If you’re at the store to buy a diamond for the very first time, you’d probably run by some research. You may be fixed on a particular shape of diamond or know well about the settings you’d want on your diamond. In fact, you might be fixated on the color vs. clarity round diamond dilemma when you are into it.
Provided that you’ve done your homework pretty extensively, you’d know that diamonds are graded based on clarity, color, cut, and carat. But often, people get confused between diamond clarity and color.
In simple words, color is the absence of color, and clarity is the absence of imperfections. We’ll take you through a guide to diamond color and clarity to give you a better knowledge of their distinction. So, which is more important, between clarity vs. color of a diamond? Let’s find out.
Are Diamonds Cut by Hand or Machine?
Cutting a diamond and transforming it from a rough stone into a faceted gem is an art. It requires specialized knowledge, tools, and equipment to do justice to this difficult workpiece of art. Cutting a diamond into its perfect shape and polishing it requires efficiency.
Did you know that the first diamond cutter and polisher guild, known as diamantaire, was invented in Nuremberg, Germany? It was this diamond cutter and policher founded in 1375 that gave rise to the different cut types.
The first cut types were oval, square, and so on. This was followed by specific qualities of cutting within the shape which influenced the quality and price of the diamond. Since diamonds are special stones, they require special diamond-coated surfaces to carve out the diamond.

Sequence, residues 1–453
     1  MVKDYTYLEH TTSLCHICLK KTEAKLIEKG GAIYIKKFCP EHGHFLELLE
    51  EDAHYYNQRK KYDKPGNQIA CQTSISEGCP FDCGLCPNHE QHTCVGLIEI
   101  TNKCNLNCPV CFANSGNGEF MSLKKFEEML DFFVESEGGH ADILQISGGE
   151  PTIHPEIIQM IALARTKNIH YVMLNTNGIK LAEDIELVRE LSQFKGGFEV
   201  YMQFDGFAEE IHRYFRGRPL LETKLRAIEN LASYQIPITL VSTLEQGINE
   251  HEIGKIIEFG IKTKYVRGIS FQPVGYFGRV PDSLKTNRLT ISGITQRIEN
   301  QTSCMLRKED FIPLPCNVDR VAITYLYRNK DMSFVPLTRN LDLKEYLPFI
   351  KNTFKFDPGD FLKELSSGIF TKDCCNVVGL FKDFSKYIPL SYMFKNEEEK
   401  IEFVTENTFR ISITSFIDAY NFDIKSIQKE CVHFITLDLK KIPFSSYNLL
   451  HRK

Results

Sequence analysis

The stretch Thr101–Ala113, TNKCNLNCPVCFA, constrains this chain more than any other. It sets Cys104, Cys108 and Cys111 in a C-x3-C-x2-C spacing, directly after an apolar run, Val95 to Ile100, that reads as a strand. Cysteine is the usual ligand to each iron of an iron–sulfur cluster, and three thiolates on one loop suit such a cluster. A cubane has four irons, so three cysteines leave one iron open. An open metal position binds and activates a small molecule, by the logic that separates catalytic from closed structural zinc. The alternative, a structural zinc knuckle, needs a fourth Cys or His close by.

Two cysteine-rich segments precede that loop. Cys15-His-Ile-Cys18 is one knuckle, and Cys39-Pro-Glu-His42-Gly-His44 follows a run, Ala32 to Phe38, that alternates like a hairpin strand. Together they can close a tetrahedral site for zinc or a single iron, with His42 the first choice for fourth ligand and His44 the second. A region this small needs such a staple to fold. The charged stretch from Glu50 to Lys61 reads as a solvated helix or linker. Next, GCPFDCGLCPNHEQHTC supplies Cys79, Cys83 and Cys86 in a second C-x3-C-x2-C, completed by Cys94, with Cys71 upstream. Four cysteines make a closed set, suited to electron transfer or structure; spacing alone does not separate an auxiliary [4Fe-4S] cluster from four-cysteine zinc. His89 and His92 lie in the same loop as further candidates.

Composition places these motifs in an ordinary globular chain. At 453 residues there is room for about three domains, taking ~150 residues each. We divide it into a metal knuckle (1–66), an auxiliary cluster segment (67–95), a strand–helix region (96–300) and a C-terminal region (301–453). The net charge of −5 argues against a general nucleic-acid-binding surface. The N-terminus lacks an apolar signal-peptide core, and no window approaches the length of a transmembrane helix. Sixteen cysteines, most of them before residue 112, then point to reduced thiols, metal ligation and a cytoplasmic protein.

Diamonds are cut using both hands and machines. A rough diamond is cut by a highly trained cutter or they use a machine for the cutting process. Although technology has highly advanced and there are highly accurate machines to cut out the diamonds, diamond cutting using hands is a piece of craftwork.
Diamond cutting requires cleaning it using a steel blade or laser. The stone is then placed in wax or cement mold to hold it stable and cleave it along the tetrahedral plane which is its weakest point. Additionally, sawing is used in the absence of any weak points. However, with newer technology available, cutting diamonds is becoming easier over time.
Once the stone is cut in the appropriate form, it needs to be bruted or girdled. Having it completely smoothened out into a round shape, it’s time to polish the diamond to give it its shine.
After cutting and smoothening the diamond, it is time to derive the faceted gem out of the diamond it is destined for. The rough of the diamond is placed on the rotating arms to polish the same using a spinning wheel.
This smoothens the diamond and reflects its facets. Additionally, polishing is well processed through the stages of blocking and brilliant. This is where the fine-tuning with diamond clarity and color hop in.
Color Vs. Clarity in Diamonds: What Affects Diamond Brilliance More?
Brilliance comes from all the characteristics of a diamond when each is perfectly defined. The intensity is based on the stone’s cut. Diamond color and clarity do not directly define the brilliance of a diamond. However, they play a major role in making a diamond perfect and complete with its visual effects.
Indeed, diamond color does not directly affect its brilliance. However, colorless diamond stones appear much brighter and livelier overall. On the contrary, diamonds with a strong yellow tint are low-grade stones that appear darker and are concluded to be less brilliant.